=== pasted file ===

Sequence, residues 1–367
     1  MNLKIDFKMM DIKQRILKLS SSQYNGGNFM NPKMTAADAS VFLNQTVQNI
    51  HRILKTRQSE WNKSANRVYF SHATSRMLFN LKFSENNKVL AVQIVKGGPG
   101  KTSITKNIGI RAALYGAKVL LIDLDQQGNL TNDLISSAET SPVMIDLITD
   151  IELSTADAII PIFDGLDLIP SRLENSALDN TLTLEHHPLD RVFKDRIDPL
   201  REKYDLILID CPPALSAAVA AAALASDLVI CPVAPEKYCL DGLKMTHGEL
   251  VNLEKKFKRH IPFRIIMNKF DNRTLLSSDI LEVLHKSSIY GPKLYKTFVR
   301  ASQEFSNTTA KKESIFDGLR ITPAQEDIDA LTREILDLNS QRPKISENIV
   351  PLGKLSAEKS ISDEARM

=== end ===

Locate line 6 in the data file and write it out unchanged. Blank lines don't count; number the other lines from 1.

   201  REKYDLILID CPPALSAAVA AAALASDLVI CPVAPEKYCL DGLKMTHGEL